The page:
To get where you want to be, you’ll need a road map
A road map is a financial plan. To get started on your plan, ask yourself what are the things you want to save and invest for. Retirement? A home? Your children’s education?
What is retirement planning?
Retirement planning is planning for a successful retirement
A successful retirement means achieving your financial goals
At Norwood Economics we take a holistic approach: It's not just about preparing for life after retirement. We consider all of these: What do you want your lifestyle to be? At what age do you want to retire? How will you pay for necessities?
We know that finding the right retirement specialist is important. That’s why we offer free portfolio reviews, and free initial retirement planning to help you get to know us, and the value we can bring to our relationship.
I’m young, I don’t need it - wrong.
Surprise! Retirement planning and financial planning are one and the same
You'll have more money when you're old if you save when you're young. You might not have a lot of money to invest thanks to student loans or other debt, but you have time to let investments compound. This is critical to building wealth. Big milestones like buying your first home, getting married, or having kids require a financial road map.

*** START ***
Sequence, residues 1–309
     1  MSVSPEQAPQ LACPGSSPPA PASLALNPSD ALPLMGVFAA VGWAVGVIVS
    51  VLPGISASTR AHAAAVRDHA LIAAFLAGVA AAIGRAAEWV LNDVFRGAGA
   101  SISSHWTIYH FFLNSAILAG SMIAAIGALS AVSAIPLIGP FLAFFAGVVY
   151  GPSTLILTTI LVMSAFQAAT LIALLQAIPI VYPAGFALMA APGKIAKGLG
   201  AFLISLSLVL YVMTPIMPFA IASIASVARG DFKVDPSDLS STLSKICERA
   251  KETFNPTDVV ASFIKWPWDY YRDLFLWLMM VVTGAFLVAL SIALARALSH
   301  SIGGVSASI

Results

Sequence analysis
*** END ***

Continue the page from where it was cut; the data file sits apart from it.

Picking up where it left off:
Early midlife? Save, save, save.
You're earning more money, now is the time to save aggressively
Max out your 401(k) and IRA contributions, and take full advantage of an employer match if it's offered. Create an estate plan. Are you on track to achieve your retirement goals?
Late midlife? Time is running out.
When can I retire?
Have you saved enough to retire on time, and can you achieve a successful retirement? If not, what do you need to do: Save more? Invest more aggressively? Change your financial goals? Talk to your advisor about Social Security when you're in your 50's. It's almost always better to hold off collecting until you're 70.
Retirement is not the finish line.
Yes, you do still need retirement planning
You're in the distribution phase. The money is going out, and you're no longer saving. Making your money last your lifespan should be at the forefront of your mind: you may need long-term care in the last 10 years of your life. Communicate with your adult children about finances. Talk with your advisor periodically: are you budgeting successfully; what do you need to do if you're not?